The National Ground Water Association recommends that private well owners have their wells checked and tested by a certified and/or licensed contractor every year to ensure water safety. Tier1 wants to help ensure that well owners have the tools and information they need to keep their water safe and their families healthy. Read on to learn more about common well water issues and their treatment solutions.
The most common problem associated with well water in the United States is water hardness, caused by high levels of dissolved magnesium and calcium. While not considered a serious health risk, hard water scale buildup can shorten the lifespan of your appliances, clog your plumbing, and prevent thorough cleansing in the shower, washing machine, and dishwasher.
Water Hardness Treatment: Install a water softener or salt free conditioning system. This will remove or treat any minerals in your water that can damage your home or appliances through hardness build-up overtime.
A “rotten egg” smell coming from your water indicates the presence of hydrogen sulfide gas. Along with creating an unpleasant odor and taste, sulfides cause corrosion to plumbing and darken water.
Sulfides occur naturally in much of the United States from sources including limestone containing organic materials; ground water affected by oil, gas, and coal deposits; in marshes and manure pits; and in the byproduct of well-established iron biofilms. Sulfates often come from the dissolving of minerals, such as gypsum and anhydrite.
Sulfur Treatment: Aeration, ozone, hydrogen peroxide, and chlorine (best followed by filtration) are effective against dissolved hydrogen sulfide or gas. A reverse osmosis system, nanofiltration system, or a negative ion-exchanger also can be effective in reducing sulfates. Filtration is necessary in combating sulfur formation as a mineral or in biofilms.
Iron and Manganese
A “rusty” or metallic taste in water is a result of iron, and sometimes manganese, in ground water. They not only create a bad taste, but they also can stain pipes and clothing. Iron and manganese are naturally occurring, and most ground water has some amount of dissolved iron and manganese in it. It comes from contact with minerals that contain iron, such as pyrite.
Iron and Rust Treatment: For iron levels under 3 parts per million (ppm), a three filter iron reduction filter system or a water softener may help. For iron levels up to 4 parts per million, consider the Hardness, Iron and Manganese water softener. For levels over 4 ppm, consider the Whole Home Iron, Manganese and Hydrogen Sulfide Air Induction Oxidization (AIO) Filter System.
Turbidity and Total Dissolved Solids (TDS)
Turbidity or high levels of total suspended sediment can enter well water due to runoff, drilling, or any form of earth disturbance. High sediment levels may also indicate the presence of oxidized metals (iron and manganese) in the water, microbial life, or pollutants.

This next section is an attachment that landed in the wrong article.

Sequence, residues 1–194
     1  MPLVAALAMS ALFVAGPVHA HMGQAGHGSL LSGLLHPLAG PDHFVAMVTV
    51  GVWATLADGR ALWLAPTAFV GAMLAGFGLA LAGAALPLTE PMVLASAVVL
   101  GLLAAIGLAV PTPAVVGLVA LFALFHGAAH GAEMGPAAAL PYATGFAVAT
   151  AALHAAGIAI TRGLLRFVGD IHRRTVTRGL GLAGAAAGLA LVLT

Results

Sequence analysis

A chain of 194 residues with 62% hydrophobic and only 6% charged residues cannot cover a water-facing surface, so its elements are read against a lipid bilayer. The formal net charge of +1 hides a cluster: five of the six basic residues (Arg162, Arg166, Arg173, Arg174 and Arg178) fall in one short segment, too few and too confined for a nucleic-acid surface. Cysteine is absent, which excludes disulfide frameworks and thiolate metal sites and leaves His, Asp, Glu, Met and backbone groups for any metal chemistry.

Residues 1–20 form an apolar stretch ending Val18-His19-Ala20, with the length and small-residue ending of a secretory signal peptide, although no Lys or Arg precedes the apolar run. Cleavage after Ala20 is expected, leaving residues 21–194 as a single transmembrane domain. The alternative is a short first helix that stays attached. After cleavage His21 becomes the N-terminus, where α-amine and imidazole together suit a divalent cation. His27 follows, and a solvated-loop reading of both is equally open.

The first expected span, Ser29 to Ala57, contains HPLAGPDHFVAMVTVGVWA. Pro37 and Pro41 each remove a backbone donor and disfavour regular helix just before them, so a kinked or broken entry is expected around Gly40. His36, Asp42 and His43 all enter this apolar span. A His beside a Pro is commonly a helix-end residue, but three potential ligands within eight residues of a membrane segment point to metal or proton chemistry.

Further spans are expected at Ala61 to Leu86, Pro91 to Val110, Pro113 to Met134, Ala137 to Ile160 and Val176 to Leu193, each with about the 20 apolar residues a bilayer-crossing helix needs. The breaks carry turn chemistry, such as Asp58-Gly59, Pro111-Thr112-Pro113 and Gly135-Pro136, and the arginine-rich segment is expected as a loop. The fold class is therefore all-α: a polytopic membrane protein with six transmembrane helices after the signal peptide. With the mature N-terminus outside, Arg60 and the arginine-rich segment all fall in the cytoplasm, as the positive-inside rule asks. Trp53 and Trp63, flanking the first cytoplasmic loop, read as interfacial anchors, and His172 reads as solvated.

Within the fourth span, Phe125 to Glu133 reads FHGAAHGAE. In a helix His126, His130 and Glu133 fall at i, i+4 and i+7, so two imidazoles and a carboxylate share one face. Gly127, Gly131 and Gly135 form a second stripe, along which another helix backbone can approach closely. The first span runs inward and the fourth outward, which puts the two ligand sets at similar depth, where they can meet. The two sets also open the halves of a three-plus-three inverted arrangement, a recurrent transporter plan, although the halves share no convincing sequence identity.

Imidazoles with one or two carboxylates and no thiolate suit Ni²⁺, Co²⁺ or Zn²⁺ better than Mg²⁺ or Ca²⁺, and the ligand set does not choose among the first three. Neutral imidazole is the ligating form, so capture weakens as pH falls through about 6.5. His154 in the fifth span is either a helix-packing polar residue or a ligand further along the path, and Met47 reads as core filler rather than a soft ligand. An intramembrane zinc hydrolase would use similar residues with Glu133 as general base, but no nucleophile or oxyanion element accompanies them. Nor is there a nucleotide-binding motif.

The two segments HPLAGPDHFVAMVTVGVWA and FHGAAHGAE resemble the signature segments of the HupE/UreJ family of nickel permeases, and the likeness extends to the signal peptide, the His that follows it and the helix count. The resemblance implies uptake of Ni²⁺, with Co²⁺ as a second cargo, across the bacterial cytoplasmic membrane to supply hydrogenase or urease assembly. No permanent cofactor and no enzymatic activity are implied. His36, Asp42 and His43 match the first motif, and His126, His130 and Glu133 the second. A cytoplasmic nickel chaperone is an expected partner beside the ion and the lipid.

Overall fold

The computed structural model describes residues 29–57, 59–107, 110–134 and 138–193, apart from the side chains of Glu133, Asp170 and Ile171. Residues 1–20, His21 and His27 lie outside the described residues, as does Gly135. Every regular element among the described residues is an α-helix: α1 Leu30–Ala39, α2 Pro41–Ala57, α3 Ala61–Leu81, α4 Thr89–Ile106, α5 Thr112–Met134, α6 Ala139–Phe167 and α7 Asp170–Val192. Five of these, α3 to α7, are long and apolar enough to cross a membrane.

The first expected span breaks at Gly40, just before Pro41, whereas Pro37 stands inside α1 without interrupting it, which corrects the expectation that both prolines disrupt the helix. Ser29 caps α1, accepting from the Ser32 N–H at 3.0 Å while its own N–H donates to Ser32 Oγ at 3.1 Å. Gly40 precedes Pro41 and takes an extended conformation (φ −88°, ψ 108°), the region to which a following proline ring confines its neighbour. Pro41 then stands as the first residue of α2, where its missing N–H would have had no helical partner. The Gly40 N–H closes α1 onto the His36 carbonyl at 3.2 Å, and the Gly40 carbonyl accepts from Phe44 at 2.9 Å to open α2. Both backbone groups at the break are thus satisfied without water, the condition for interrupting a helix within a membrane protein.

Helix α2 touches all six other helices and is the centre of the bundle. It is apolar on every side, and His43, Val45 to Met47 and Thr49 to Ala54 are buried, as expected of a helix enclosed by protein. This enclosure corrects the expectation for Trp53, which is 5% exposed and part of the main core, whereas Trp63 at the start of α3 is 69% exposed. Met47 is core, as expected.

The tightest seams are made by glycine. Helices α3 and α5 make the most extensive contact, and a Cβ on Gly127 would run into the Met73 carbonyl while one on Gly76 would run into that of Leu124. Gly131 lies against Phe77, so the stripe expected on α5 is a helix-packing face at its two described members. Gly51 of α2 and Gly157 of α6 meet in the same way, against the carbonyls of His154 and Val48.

Total Dissolved Solids or TDS are the concentration of all dissolved minerals in water. It is the direct measurement of the interaction between minerals and ground water. TDS levels above 1000 mg/L will usually yield poor tasting water. Levels above 2000 mg/L are considered undrinkable due to taste, and levels more than 10,000 mg/L are defined as undrinkable.
Turbidity and TDS Treatment: Adding a sediment pre-filter to your water filtration system will reduce turbidity. UV protection may be necessary if the source of turbidity is microbial. Water softeners with a reverse osmosis system are effective in lowering the TDS to satisfactory levels.
Animal or human waste contains fecal bacteria such as E. coli, and can infiltrate well water through agricultural runoff, cracks in well walls, or overflowing septic tanks and sewage lines.
Bacteria Treatment: Chlorine shocking the well kills existing bacteria. A point of entry water filtration system with UV protection prevents bacteria from reproducing, significantly lowering your risk of infection.
Nitrogen: Nitrate and Nitrite
Most nitrogen in ground water comes from the atmosphere. Some plants can “attach” nitrogen from the atmosphere onto their roots. The nitrogen not used by the plants is then released into the soil. Nitrogen compounds also can work their way into ground water through fertilizers, manure, and urine from farm animals, sewage, and landfills.
The most common forms in groundwater are ammonia, nitrate, and nitrite. Nitrates can be especially toxic to children under six months of age. Exposure to ammonia also presents a health risk. It is toxic to aquatic life such as fish, and it interferes with water treatment.
Nitrate and Nitrite Treatment: Reverse osmosis systems with water softeners to remove nitrates and nitrites, and oxidation to remove small amounts of ammonia. However, treatment should be a last resort. Removing the source of contamination is the first priority. You should also be sure to protect the area around the wellhead from contamination by animals or fertilizers.
If you have additional questions, please contact our customer support team.
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